In 1933, while white Americans experienced 30 percent unemployment, nearly 50 percent of African Americans were out of work. The Works Progress Administration (WPA) was established by President Roosevelt in 1935 to alleviate the massive unemployment in the country, and was designed to include African Americans in its program. That same year, the WPA funded the Federal Art Project (WPA/FAP), which was created specifically to employ artists. The director of the WPA/FAP, Holger Cahill, was known as a liberal curator and museum professional in the New York area before accepting his appointment in Washington, D.C. Although Cahill was an advocate for the inclusion of African Americans in his program, administrators working under him did not always live up to that ideal. A significant amount of lobbying was required to increase the numbers of African Americans who received WPA support.
The cultural center of Harlem during the WPA period was 135th Street. Along that corridor there were many WPA project sites, including the New Lafayette Theatre, where the famous WPA production of Macbeth took place; the Harlem YMCA; the 135th Street branch of the New York Public Library, the cultural hub out of which the Schomburg Center emerged; and Harlem Hospital, which is where the murals featured on this Web site were situated. During this period, Harlem Hospital muralist Charles Alston had rented an old brick stable at 306 West 141st Street where he would teach art classes. "306," as it was simply known, would become a hub of great intellectual and political ferment in Harlem for people from all areas of the arts.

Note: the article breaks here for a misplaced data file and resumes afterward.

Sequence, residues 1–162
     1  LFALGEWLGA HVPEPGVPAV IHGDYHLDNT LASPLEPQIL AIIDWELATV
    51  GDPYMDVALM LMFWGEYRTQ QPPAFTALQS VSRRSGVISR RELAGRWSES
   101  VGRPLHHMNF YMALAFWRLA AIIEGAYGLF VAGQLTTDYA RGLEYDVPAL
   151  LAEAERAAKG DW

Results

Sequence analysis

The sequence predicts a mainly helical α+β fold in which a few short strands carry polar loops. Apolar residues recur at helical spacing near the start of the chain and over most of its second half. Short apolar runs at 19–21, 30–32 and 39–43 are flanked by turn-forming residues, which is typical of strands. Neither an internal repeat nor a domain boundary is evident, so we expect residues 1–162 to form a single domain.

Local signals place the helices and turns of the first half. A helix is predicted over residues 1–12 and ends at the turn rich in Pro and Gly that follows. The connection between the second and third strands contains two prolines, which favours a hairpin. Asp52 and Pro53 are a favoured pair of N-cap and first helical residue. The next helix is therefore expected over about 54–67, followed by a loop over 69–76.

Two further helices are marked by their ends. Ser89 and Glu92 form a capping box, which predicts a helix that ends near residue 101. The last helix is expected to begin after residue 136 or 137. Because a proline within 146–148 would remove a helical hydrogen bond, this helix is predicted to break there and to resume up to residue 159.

The WPA period is considered a major period of African American visual-art history. It is the bridge between the Harlem Renaissance and the Black Arts movement of the 1960s.